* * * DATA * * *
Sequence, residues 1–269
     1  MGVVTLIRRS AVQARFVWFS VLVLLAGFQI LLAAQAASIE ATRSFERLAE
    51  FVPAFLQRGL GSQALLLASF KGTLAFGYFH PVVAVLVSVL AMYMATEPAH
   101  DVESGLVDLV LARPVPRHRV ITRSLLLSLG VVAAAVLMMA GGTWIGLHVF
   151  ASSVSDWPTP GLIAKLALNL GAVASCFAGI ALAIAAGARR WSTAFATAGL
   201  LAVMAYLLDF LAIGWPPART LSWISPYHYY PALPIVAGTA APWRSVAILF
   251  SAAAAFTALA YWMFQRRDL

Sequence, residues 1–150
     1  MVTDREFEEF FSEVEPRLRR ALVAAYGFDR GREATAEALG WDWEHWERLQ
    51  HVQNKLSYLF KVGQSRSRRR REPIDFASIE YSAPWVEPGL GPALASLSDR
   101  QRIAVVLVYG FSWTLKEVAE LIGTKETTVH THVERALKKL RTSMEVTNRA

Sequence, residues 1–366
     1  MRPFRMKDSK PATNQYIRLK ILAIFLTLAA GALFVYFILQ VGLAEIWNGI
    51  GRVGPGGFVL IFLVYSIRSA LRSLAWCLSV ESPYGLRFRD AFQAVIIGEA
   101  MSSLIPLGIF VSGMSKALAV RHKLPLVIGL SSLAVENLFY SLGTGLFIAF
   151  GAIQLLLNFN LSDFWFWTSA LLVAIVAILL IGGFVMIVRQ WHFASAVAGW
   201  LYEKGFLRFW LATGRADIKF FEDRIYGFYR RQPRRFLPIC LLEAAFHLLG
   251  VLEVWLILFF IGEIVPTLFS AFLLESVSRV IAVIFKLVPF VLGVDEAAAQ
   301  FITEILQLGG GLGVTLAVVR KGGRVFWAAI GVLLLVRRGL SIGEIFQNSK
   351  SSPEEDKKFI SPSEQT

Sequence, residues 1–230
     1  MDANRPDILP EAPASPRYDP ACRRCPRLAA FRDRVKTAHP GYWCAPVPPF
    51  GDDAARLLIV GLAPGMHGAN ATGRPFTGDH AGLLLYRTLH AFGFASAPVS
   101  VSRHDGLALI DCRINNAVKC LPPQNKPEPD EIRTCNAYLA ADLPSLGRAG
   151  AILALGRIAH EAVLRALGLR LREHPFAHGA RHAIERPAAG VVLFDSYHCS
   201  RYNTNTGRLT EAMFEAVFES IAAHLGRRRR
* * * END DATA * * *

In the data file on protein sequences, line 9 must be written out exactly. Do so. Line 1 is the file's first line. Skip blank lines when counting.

     1  MVTDREFEEF FSEVEPRLRR ALVAAYGFDR GREATAEALG WDWEHWERLQ